His first scientific paper published in the world’s premiere scientific journal.  I am so proud.

But.

We “do” Thanksgiving together, he and I, and every year has been a blast.

This year, something different.

He invites me to his apartment.  Just the two of us.  Why?

Don’t you want to invite some friends who don’t have somewhere to go?  You remember, when you were a kid, we always had students over who couldn’t go home, or were Chinese, or for some reason would be alone.

No, he said.  Everyone already has a place.

I wondered.

The night before Thanksgiving I was invited, with great pomp and circumstance, to go out with he and his friends to a bar.  I was thrilled to be included.

But when I arrived, a five hour drive from where I stay, I had a migraine and felt sick, and just wanted to smoke some flower and curl up in my van with Atina, my dog.  I would feel better tomorrow.

So I said, you guys go ahead, I’m going to sleep off this migraine.

OK, he says, eager and relieved.  And ran out the door.  I’ll leave it unlocked he says, in case you need anything.

Morning late, I feel better, he’s hung over.  Coffee, cartoons on the big screen, I’m content.  He starts cooking.  Always happy when he’s cooking!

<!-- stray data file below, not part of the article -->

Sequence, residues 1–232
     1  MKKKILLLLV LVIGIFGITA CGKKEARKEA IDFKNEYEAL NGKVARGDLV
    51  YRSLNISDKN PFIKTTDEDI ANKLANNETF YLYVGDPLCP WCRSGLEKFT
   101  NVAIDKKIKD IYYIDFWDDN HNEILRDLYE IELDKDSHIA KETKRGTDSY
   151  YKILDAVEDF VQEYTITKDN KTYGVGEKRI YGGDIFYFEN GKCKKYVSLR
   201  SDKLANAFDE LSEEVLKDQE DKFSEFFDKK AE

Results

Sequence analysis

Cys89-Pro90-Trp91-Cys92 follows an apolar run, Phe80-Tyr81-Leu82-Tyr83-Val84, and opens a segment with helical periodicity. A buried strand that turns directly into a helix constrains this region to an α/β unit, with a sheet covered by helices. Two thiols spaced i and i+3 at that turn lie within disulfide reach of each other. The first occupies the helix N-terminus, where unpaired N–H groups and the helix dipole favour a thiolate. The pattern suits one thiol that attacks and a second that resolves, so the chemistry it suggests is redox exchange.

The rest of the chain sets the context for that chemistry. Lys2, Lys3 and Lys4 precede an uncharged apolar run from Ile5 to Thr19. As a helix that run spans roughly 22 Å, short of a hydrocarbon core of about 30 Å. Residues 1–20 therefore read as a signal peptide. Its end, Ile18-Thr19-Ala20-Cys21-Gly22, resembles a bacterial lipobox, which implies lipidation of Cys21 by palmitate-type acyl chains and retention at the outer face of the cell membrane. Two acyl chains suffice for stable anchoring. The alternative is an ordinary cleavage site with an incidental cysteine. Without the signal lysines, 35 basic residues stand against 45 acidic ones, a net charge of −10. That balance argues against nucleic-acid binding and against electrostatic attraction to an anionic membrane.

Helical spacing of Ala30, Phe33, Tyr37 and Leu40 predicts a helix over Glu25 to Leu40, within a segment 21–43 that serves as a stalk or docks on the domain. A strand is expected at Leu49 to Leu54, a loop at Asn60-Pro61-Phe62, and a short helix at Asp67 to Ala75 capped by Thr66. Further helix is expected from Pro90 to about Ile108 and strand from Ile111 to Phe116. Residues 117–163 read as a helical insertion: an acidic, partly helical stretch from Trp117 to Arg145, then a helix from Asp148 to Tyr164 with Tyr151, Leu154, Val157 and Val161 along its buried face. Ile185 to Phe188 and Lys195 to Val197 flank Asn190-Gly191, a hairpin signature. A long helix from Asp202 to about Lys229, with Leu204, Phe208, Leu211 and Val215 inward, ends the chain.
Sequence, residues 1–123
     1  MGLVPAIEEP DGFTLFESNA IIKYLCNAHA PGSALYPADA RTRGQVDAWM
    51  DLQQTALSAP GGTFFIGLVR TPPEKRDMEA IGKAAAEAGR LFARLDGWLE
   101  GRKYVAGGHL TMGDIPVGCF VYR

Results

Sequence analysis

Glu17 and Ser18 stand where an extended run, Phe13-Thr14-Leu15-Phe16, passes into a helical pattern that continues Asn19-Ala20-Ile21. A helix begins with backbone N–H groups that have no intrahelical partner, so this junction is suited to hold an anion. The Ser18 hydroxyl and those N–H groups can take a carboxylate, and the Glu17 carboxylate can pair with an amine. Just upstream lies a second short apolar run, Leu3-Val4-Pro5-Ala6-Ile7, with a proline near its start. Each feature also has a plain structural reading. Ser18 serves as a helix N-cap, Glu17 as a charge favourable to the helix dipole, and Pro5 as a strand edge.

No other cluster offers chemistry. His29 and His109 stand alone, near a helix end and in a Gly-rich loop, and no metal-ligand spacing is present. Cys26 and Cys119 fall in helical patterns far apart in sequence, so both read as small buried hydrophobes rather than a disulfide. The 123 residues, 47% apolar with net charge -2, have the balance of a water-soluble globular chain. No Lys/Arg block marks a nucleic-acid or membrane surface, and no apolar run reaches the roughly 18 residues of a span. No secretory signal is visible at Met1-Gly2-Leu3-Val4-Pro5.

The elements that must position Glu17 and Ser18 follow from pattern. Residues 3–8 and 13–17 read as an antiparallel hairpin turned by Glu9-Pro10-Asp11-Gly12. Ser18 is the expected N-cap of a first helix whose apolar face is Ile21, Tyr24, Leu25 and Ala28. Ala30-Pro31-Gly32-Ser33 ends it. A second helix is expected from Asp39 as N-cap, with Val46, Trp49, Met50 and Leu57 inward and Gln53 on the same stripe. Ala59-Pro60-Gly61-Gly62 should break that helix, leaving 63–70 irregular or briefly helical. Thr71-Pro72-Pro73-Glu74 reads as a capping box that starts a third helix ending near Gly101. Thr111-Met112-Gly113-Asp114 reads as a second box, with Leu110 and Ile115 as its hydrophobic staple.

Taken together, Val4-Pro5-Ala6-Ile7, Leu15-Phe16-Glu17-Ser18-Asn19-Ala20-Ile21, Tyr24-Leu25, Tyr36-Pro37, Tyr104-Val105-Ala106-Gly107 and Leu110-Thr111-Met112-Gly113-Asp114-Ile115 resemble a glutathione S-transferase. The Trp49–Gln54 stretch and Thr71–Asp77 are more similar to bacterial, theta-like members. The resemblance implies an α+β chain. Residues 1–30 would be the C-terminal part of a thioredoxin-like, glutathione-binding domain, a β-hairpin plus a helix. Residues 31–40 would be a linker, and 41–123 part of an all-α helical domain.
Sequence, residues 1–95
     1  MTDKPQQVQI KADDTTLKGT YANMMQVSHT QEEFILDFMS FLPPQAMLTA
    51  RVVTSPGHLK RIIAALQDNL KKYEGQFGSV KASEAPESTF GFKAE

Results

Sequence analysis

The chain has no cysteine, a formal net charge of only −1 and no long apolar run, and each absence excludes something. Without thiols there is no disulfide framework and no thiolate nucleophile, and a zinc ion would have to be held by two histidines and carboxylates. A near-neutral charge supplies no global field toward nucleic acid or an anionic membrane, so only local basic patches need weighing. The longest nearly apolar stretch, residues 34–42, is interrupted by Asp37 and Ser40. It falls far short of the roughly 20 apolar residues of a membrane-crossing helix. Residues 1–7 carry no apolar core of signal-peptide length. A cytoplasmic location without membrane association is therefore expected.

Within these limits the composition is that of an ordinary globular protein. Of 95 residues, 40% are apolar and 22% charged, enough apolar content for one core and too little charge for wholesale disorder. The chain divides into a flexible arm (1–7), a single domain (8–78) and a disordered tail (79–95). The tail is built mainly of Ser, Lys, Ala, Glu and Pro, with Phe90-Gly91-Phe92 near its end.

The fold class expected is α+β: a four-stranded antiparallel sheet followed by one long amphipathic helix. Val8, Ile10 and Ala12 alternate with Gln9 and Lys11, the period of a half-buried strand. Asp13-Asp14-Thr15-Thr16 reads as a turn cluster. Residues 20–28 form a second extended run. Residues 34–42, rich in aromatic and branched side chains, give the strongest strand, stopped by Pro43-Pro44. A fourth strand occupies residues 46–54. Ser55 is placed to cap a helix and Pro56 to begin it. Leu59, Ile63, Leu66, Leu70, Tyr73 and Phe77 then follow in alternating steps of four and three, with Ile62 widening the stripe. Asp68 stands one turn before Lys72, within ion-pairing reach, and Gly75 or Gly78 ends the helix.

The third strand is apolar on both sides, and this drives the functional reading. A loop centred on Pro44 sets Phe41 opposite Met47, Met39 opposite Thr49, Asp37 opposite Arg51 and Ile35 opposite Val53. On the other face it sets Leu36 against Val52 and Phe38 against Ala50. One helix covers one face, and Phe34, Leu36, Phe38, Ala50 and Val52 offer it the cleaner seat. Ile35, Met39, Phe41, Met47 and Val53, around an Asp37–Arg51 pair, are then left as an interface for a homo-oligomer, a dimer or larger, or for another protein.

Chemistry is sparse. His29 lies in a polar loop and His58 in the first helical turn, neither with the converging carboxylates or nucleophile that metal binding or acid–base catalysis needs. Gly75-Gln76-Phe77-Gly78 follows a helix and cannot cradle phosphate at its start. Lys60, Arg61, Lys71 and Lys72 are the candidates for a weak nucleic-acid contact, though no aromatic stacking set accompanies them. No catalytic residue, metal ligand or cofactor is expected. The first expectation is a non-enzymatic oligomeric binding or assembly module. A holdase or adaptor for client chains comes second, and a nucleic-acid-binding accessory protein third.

Dinner: a roast duck, fried rice, greens, cranberry sauce.

Not much to say, and it’s getting weird.  I feel a void, ghosts at the table, who are they and why don’t they come out and play?

So the pipe goes back and forth, and he is drinking more beer and more beer.  I go to bed early, he goes out with friends.  I wonder ?

Friday morning, coffee, and I am served a spoonful of leftover rice.  He gives himself a plate, not a lot, but a plate. ?

He goes to lab to feed his cells, I shower and try to get this migraine to go away.  I’m hungry.  I take a bit more duck, rice, a bit of everything.  Thanksgiving leftovers are the best.  I wish son was here to share, but I’m hungry and my head is pounding, so I eat.

He returns from lab.  I tell him I’m sorry I couldn’t wait for him, I had to eat.  He looks angry.  I feel the old ominous storm clouds.  Why?

I guess I’d better go now.

But I feel like crap, I don’t want to drive.

He’s already holding the door open for me to go out.

Um, listen, I don’t feel so well, do you think I could hang out for a while longer?

Um, sorry Mom, I need my space, he says, with irony face.

Oh, OK, I understand.

Beggar at the door, no place for you here.

What did I do?  Did I eat too much?  Am I too burned out?